I have made it abundantly clear in previous blogs how I feel about anti-vaxxers. Several of the anti-vaxxers that I know are well-meaning people, even though they mistakenly believe something that is fundamentally wrong. What many of these anti-vaxxers believe has been refuted time and again, but they ignore all of the evidence to the contrary, and they cling to their inaccuracies with a passion that resembles radical religious zealotry. I continuously see incorrect information strewn about by these anti-vaxxers, which stirs up a great deal of unnecessary fear of science. As a direct result of that fear, other people have been avoiding medical treatment that will save lives. (Even though people in developing nations are crying out to receive that same medical treatment.)

As I have pointed out in the past, our nation - the United States - has been blessed with amazing health care. Decades of successful vaccination programs have eradicated some diseases, and rendered others nearly moot - at least within our shores. This has resulted in domestic complacency with regard to immunology, while countries around the world are still grappling with infectious diseases and clamoring for treatments that we take for granted.

All of this discussion leads me to a conversation that I had earlier today with an anti-vaxxer who was claiming that the USA's Centers for Disease Control and Prevention (CDC) was a corrupt company that was only in the business of selling vaccinations for profit. If you'll refer to my second point above, you'll see how I initially reacted. I pointed out the errors that the ill-informed anti-vaxxer was posting, (for example the fact that the CDC is actually a government agency that is funded by tax dollars), and I referred this anti-vaxxer to the www.factcheck.org website to correct the other misleading information that was posted.

As you might imagine, this did not sit well with the anti-vaxxer. As I mentioned earlier, this person was deeply offended that anyone would question their judgment. And in reply to the facts that were presented to refute the inaccuracies that this anti-vaxxer had posted, I was told something to the effect that I was entitled to my own opinion.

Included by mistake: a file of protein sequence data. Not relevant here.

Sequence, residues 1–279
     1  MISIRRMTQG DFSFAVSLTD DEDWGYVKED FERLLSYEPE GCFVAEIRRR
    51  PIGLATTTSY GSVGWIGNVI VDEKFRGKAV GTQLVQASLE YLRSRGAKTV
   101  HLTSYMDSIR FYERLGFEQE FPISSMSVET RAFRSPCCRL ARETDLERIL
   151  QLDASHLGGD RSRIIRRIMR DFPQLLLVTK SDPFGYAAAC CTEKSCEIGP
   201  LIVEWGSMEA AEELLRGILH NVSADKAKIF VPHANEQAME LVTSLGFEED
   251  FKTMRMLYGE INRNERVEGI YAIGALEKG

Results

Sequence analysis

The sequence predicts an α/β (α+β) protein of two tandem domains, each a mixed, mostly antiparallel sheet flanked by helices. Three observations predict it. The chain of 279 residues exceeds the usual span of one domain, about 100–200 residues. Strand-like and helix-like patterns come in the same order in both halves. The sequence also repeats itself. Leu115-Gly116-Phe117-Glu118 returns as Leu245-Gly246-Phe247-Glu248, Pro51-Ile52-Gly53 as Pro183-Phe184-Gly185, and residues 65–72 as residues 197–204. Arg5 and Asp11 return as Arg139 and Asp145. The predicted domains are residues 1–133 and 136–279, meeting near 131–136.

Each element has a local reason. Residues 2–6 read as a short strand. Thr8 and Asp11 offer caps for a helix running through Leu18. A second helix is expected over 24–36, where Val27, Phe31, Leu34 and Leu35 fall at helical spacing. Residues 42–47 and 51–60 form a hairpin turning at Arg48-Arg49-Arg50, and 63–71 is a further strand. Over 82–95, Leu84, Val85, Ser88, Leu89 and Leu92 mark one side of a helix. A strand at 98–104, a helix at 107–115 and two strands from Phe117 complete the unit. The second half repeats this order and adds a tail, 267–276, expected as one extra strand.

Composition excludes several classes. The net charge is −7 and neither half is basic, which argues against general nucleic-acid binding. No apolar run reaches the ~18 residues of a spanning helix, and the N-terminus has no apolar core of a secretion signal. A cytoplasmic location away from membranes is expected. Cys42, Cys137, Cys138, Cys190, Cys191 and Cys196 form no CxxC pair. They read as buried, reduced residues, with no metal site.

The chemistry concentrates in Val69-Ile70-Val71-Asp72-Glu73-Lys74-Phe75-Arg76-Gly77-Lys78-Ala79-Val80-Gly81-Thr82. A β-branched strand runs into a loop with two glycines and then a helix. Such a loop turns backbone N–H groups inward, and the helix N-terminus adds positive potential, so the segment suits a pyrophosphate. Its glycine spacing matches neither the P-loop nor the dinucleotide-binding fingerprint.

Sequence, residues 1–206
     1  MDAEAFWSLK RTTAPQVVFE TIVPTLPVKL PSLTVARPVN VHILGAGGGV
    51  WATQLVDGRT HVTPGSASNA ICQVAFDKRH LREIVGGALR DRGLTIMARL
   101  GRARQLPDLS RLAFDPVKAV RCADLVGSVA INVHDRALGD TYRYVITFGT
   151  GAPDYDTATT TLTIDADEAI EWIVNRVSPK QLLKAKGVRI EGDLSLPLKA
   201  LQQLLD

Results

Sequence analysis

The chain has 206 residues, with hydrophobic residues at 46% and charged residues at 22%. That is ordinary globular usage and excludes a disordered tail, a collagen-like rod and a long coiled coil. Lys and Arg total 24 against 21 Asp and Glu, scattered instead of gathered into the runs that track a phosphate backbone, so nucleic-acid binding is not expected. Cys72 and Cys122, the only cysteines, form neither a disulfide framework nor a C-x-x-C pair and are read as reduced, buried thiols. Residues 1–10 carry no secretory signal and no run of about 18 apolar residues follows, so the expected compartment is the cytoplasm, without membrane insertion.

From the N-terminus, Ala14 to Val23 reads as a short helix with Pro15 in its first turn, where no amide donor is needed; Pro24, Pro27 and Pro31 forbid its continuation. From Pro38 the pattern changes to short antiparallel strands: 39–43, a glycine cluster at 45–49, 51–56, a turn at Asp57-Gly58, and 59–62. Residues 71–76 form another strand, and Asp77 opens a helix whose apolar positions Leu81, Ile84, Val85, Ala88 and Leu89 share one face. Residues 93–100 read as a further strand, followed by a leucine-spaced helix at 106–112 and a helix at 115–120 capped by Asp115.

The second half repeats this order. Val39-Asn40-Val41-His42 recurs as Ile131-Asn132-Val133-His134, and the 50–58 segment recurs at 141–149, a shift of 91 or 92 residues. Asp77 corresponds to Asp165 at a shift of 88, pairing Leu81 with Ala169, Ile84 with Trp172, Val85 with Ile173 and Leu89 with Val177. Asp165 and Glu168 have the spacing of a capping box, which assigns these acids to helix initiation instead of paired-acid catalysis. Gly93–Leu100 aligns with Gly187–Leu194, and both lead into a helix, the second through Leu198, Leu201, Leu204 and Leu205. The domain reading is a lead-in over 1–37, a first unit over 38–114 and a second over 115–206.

yeah-well-thats-just-like-your-opinion-man

The problem with that argument is that people are entitled to their 'opinions' when they are discussing something trivial, like whether the Pittsburgh Steelers are more important in the history of football than the Patriots. (Hint: they are.) But when it comes to actual science, opinions do not matter - facts matter. And facts do not care about your opinions.

When this anti-vaxxer continued to push the issue and post messages that were ultimately going to lead people astray, I shifted from the second point in my list of responses to conspiracy theorists to the third point. At our current stage in world history, the fear of life-saving immunology that anti-vaxxers continue to promote is intolerable; it is anti-science, anti-reason, and anti-facts.

As far as the CDC is concerned, a basic study of its duties and responsibilities show that its collection of scientists are fully-employed in trying to investigate and find treatments for thousands of diseases; such as HIV/AIDS, Cancer, Tuberculosis, Alzheimer's, Hepatitis, Diabetes, etc. They are also responsible for researching and preventing a host of occupational and public health issues. Their workforce of more than 15,000 employees has over 50% with advanced degrees; many of them doctors who are specialists in their respective fields of virology, pathology, microbiology, immunology, epidemiology, etc. These specialists will often have at least a decade of formal education in their fields, then another 10 to 30 years of experience within their chosen specialty.

With all of that in mind, it takes a special kind of hubris for an anti-vaxxer to assume that they know more than these thousands of well-educated and brilliant minds because he or she read a blog that agreed with their pre-existing opinion, even though their pre-existing opinion is baseless and easily-refutable nonsense.

The following video sums this up nicely.

In the end, of course, nothing that I said could convince this anti-vaxxer that he or she was wrong. This person continued to cling to the mistaken opinion that vaccines are the evil by-products of a world-wide plot involving the CDC, the WHO, and a host of other organizations and individuals. I realized that there was nothing that I could do, so I left this anti-vaxxer to his or her delusions, although I wished that neither this pandemic nor the next would claim the life of someone in his or her family.

But, you know, that's just like my opinion, man.


UPDATE: I had originally meant to add the following video from PBS to this post. It's from a few years ago, yet it explains some of what is happening in today's world quite well.